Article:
Attendees said the Trump administration officials laid out two options: The president could use the existing national emergency declaration on the border wall to impose the new tariffs or he could declare a second emergency to unlock new tariff authority. But the officials did not definitively say what Trump will do and how he will do it, frustrating Republicans given that Trump has said he would make the decision in less than a week.

If Trump tries to move under the first national emergency declaration, he could face a vote in September that blocks both his unilateral move for wall funds and new tariffs. If he declares a new one, he could set up rolling votes to block each emergency every six month if he leaves them in place.

The administration is essentially in uncharted territory with its threats to use unilateral tariff authority, and Republicans left the lunch still confused about how the tariffs would be applied and the underlying legal reasoning behind them.

Sen. Mitt Romney

“No,” said Sen. John Kennedy (R-La.) of whether the White House had laid out a clear path forward. “Both bright guys, but they don’t have decision-making authority. What I’m hoping we can do is when the president gets back from the U.K. we can all sit down and try to figure out how to move forward together.”

Sen. John Cornyn (R-Texas) also underscored the need to talk directly with Trump.

“The problem is we didn’t have the decision makers there. The president and half his cabinet is over in Europe, and obviously the clock is ticking. Time’s wasting,” Cornyn said. “What we need to do is get in front of the president and have that conversation.”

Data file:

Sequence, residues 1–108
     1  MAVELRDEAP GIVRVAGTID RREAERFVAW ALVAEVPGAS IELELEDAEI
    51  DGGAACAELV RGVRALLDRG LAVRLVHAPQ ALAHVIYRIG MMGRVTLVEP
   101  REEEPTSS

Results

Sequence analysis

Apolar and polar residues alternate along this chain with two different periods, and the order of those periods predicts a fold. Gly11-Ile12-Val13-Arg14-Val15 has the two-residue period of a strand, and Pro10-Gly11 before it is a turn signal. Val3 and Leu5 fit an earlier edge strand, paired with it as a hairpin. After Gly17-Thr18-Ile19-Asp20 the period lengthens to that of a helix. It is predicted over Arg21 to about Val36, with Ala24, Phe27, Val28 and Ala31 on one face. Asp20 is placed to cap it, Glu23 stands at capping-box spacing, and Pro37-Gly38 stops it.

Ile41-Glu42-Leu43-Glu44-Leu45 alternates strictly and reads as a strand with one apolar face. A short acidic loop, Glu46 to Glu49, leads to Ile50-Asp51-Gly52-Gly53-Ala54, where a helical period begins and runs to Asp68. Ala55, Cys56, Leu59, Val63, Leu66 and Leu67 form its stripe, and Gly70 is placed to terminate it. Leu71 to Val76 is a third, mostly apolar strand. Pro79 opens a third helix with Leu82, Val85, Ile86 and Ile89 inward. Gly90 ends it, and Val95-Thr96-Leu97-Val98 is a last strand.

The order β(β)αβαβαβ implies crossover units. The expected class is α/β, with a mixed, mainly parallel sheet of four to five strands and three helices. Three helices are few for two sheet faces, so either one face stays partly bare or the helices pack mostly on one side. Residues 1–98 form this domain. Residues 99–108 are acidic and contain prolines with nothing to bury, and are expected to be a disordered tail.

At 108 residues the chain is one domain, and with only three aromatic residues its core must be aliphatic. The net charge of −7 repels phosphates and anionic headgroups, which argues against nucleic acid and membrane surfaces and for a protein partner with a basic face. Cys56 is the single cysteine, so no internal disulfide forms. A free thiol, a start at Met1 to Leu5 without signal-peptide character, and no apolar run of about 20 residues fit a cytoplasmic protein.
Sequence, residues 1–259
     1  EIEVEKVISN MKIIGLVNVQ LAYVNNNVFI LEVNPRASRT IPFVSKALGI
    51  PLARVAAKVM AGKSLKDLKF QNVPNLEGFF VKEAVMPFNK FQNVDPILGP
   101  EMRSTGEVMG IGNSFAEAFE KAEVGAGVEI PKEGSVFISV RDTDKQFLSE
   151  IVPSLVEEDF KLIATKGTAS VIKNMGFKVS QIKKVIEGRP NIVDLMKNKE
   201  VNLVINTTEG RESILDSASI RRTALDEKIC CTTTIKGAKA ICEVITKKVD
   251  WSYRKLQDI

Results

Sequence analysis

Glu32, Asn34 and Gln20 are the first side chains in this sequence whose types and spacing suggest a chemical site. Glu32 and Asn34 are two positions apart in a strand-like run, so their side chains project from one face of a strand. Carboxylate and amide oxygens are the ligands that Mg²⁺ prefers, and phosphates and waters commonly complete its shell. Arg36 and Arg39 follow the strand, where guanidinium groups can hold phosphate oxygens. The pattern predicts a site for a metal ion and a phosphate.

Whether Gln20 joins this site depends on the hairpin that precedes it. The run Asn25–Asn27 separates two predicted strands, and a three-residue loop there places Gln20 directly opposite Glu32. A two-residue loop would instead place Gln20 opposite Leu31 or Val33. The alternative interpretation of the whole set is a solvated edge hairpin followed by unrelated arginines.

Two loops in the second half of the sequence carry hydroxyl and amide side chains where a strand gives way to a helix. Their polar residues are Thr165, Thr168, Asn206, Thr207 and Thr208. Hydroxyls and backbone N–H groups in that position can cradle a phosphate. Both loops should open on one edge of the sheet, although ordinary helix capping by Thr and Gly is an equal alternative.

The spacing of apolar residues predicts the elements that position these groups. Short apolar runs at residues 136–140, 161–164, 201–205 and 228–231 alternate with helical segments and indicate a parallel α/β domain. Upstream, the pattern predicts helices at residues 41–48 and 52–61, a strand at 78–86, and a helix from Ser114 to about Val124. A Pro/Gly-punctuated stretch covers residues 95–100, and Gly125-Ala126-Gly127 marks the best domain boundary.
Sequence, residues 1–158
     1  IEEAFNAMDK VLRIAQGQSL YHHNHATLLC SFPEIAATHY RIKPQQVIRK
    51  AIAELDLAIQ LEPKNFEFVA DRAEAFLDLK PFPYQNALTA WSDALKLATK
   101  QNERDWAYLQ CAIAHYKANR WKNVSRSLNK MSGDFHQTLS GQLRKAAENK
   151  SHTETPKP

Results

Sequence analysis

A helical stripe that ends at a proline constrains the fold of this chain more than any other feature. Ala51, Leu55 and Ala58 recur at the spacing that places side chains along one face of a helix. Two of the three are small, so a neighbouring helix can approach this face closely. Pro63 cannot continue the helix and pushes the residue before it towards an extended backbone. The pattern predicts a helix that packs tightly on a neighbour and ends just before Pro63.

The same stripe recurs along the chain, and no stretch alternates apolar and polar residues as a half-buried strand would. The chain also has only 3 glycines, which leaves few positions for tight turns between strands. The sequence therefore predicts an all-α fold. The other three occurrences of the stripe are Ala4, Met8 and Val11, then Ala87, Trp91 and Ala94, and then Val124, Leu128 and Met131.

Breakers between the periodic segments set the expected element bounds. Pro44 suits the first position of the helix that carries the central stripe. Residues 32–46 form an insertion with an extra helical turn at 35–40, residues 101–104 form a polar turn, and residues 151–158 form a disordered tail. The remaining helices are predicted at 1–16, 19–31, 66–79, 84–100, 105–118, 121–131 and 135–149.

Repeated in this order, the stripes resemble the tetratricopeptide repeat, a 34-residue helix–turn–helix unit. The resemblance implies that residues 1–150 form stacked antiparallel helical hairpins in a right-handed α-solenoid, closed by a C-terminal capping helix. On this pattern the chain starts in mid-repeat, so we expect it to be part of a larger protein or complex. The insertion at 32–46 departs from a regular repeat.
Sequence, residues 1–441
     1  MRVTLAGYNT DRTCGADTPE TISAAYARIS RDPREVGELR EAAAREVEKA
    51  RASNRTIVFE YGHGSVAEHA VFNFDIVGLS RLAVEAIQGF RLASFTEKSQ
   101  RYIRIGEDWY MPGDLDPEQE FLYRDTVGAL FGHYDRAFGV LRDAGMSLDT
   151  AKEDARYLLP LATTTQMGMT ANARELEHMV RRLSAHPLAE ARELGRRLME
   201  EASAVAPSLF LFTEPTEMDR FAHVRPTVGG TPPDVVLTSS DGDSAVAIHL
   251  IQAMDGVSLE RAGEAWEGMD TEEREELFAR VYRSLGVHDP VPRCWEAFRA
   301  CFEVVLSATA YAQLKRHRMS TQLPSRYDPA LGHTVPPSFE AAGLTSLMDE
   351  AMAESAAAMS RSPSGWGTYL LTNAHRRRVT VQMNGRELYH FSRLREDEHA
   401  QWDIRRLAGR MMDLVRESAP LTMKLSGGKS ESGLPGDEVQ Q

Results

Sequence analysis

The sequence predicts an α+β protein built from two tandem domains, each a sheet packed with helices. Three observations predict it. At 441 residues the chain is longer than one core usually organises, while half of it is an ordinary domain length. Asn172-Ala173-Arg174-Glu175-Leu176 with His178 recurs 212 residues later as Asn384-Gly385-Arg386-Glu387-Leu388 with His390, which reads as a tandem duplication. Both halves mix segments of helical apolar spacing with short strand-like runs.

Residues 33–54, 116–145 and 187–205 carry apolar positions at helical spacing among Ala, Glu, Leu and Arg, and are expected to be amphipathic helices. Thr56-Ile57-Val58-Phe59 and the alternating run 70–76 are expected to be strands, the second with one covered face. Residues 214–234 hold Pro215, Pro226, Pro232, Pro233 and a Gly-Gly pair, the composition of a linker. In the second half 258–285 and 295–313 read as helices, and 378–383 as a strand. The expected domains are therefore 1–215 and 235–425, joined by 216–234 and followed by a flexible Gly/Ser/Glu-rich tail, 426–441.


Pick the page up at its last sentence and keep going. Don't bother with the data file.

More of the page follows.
Kennedy is one of a handful of Republicans that have spoken to Trump directly about the tariffs, along with Sen. Joni Ernst (R-Iowa). Both said Trump seems unmoved.

In comments to reporters in London, Trump said the tariffs are “likely” to go in place next Monday and said that his party would be unwise to defy him, citing “tremendous Republican support.”

“I don’t think they will do that,” Trump said. “If they do, it’s foolish.

A veto override may be difficult to achieve.

There may not be 20 Republicans in the Senate who are willing to defy Trump, particularly as the GOP seeks to defend its majority and avoid primary challengers from the right. And getting more than 50 House Republicans to join them could prove even harder given the stronger support Trump’s hardball tactics have among the House minority.

But in the immediate term, Republicans want to avoid all that. This week, Mexican officials are engaging in breakneck talks with the Trump administration in advance of Trump’s self-imposed June 10 deadline for new tariffs.

Republicans say they are urging the administration to hammer things out to avoid raising prices on everyday Americans and slowing down the economy. But make no mistake: They’d also prefer to avoid another ugly clash with the president on the Senate floor.

“The main takeaway would be that there’s not much interest in using a tariff” for border security, said Sen. Mike Braun (R-Ind.), who voted with the president on the national emergency earlier this year. “The legal thing came up and no one had an answer for that. But I think it’s secondary because I don’t think there’s a lot of interest within the Senate for a five percent tariff to be used for that purpose.”

Marianne LeVine contributed to this report.